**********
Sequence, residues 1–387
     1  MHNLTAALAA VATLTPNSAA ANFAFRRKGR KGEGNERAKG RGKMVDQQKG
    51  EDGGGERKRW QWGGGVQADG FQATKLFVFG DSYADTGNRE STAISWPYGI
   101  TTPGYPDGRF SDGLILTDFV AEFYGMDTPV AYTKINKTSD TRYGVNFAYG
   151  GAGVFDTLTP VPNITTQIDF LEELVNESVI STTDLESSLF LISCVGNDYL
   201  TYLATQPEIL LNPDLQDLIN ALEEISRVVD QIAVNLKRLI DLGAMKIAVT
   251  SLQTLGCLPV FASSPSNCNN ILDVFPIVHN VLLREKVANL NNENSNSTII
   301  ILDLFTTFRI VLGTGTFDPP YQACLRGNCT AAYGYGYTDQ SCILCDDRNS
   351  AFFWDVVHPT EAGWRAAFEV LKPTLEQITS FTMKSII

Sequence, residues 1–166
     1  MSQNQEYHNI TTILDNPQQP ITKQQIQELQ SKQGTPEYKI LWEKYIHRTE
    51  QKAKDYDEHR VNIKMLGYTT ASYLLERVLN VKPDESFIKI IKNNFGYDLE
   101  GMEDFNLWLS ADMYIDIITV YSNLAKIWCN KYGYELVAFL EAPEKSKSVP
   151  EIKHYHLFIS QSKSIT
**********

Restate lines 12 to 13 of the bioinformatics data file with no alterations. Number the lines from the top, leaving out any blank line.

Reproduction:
    51  QKAKDYDEHR VNIKMLGYTT ASYLLERVLN VKPDESFIKI IKNNFGYDLE
   101  GMEDFNLWLS ADMYIDIITV YSNLAKIWCN KYGYELVAFL EAPEKSKSVP